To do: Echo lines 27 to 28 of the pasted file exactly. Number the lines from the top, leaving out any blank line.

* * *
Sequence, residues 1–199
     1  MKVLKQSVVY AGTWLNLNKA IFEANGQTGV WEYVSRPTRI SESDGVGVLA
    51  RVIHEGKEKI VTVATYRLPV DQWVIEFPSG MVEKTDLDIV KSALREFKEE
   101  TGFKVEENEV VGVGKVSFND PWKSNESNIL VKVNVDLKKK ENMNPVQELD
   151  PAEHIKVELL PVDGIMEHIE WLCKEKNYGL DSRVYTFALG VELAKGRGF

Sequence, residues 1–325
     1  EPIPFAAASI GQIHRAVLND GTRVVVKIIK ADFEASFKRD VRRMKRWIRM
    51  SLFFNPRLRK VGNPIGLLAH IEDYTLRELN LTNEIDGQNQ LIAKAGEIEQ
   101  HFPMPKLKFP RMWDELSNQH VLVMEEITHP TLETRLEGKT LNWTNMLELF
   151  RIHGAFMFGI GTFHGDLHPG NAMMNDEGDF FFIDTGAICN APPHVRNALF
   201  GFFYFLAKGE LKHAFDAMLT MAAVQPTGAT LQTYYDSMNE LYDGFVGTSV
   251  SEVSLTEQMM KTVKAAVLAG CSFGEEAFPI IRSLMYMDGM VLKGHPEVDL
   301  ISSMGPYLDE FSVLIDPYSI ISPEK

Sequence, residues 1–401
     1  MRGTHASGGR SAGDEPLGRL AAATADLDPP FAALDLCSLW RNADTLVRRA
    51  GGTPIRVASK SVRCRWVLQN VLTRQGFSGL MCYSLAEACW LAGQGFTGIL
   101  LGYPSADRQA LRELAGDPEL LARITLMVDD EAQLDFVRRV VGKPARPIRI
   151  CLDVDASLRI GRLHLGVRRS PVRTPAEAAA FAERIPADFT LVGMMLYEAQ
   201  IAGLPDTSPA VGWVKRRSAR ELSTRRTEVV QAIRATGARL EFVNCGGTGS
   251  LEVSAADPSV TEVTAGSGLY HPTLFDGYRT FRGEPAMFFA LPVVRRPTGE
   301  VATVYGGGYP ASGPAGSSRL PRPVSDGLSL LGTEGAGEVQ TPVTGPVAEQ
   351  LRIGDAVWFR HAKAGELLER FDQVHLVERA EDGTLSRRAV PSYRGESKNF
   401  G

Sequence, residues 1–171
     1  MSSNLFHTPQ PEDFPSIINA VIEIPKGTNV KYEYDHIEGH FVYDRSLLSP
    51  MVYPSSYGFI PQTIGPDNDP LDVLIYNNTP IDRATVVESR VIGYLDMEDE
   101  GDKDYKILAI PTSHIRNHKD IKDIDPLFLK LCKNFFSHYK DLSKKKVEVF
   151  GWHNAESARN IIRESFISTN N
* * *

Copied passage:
   101  GDKDYKILAI PTSHIRNHKD IKDIDPLFLK LCKNFFSHYK DLSKKKVEVF
   151  GWHNAESARN IIRESFISTN N